In another example, Adolphi and co-workers have used 2D MAS NMR techniques to differentiate the occupancy and mobility of deuterons in the tetrahedral and octahedral sites in YDx phases and showed that this approach can be used on different classes of deuterides.22,24

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Summary

A few examples showing the versatility of multinuclear and multidimensional NMR to evaluate the structure and behavior of metal hydrides were presented in this short review. Additionally, nuclear relaxation times have been used1-3 to characterize diffusion processes and mechanisms for many classes of metal hydrogen systems. Recent studies, describing diffusion assessments by means of relaxation times measurements, include reports on LaNi5Hx,24 Mg-based hydrides,24 NaAlH4,26 and the ZrNiHx/ZrNiDx phases.27 Thus, various NMR approaches can be applied to various hydrogen storage media being investigated now and coming into the picture in the future. Immediate candidates include metal alanates, borohydrides, metal amides, and destabilized lithium and magnesium hydrides.28 The combinations of MAS NMR and MQMAS NMR techniques should provide much greater insights into the local structures, bonding, and dynamics of these materials.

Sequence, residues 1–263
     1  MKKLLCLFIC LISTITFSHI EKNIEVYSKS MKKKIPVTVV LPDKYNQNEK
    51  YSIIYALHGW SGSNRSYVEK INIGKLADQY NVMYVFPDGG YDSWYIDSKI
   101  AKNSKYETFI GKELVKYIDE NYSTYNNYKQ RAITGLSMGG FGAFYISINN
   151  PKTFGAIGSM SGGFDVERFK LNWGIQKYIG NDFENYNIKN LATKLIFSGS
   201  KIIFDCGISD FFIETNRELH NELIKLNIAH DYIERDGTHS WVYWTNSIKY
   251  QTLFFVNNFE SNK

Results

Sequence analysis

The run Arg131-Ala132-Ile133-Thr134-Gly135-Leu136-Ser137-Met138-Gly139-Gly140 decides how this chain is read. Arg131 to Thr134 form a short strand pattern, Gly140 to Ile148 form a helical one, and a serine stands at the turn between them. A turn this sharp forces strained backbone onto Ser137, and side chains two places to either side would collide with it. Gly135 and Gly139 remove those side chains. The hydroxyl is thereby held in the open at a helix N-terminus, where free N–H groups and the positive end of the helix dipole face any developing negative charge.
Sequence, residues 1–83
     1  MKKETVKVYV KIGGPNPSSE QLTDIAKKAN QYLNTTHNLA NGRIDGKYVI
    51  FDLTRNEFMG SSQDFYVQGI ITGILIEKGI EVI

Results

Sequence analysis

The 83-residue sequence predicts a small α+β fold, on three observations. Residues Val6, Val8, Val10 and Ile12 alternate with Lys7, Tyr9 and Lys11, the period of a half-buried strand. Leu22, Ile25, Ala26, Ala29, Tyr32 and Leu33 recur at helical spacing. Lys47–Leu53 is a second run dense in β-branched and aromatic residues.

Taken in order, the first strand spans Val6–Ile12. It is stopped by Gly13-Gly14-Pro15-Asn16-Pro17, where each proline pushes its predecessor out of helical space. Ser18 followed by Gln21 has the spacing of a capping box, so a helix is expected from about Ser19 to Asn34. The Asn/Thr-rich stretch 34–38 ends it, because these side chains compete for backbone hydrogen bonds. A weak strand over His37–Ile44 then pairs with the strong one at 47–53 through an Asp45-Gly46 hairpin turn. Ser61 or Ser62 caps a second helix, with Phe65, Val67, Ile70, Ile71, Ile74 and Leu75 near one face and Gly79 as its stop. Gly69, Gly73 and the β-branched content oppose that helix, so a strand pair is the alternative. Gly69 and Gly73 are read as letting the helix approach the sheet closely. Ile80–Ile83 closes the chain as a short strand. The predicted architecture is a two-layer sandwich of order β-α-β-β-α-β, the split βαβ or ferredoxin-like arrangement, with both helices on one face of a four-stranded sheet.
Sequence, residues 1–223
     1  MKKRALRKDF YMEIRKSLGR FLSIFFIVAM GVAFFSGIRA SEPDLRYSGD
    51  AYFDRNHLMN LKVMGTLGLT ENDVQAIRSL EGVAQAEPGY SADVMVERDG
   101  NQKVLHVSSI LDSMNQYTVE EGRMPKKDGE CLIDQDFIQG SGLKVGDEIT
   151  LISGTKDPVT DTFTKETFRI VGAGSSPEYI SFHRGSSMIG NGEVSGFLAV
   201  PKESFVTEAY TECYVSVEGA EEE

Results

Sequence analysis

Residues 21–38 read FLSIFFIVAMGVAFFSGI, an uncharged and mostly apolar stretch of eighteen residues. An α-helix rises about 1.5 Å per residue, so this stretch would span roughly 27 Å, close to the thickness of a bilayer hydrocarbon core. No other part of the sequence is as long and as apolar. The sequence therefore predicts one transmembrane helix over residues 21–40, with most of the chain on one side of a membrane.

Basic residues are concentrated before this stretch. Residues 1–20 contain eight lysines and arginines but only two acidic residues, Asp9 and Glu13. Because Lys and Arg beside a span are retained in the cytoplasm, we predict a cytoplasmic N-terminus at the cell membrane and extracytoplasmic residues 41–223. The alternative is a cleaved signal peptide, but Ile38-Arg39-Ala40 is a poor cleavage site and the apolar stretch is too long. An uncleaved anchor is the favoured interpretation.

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References

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  24. Conradi, M. S.; Mendenhall, M. P.; Ivancic, T. M.;. Carl, E. A; Browning, C. D.; Notten, P. H. L.; Kalisvaart, W. P.; Magusin, P. C. M. M.; Bowman, Jr., R. C.; Hwang, S.-J.; Adolphi, N. L. J. Alloys Compd. 2007 (in Press).
  25. Wu, H.; Zhou, W.; Udovic, T. J.; Rush, J. J.; Yildirim, T.; Huang, Q.; Bowman, Jr., R. C. Phys. Rev. B 2007, 75, 064105.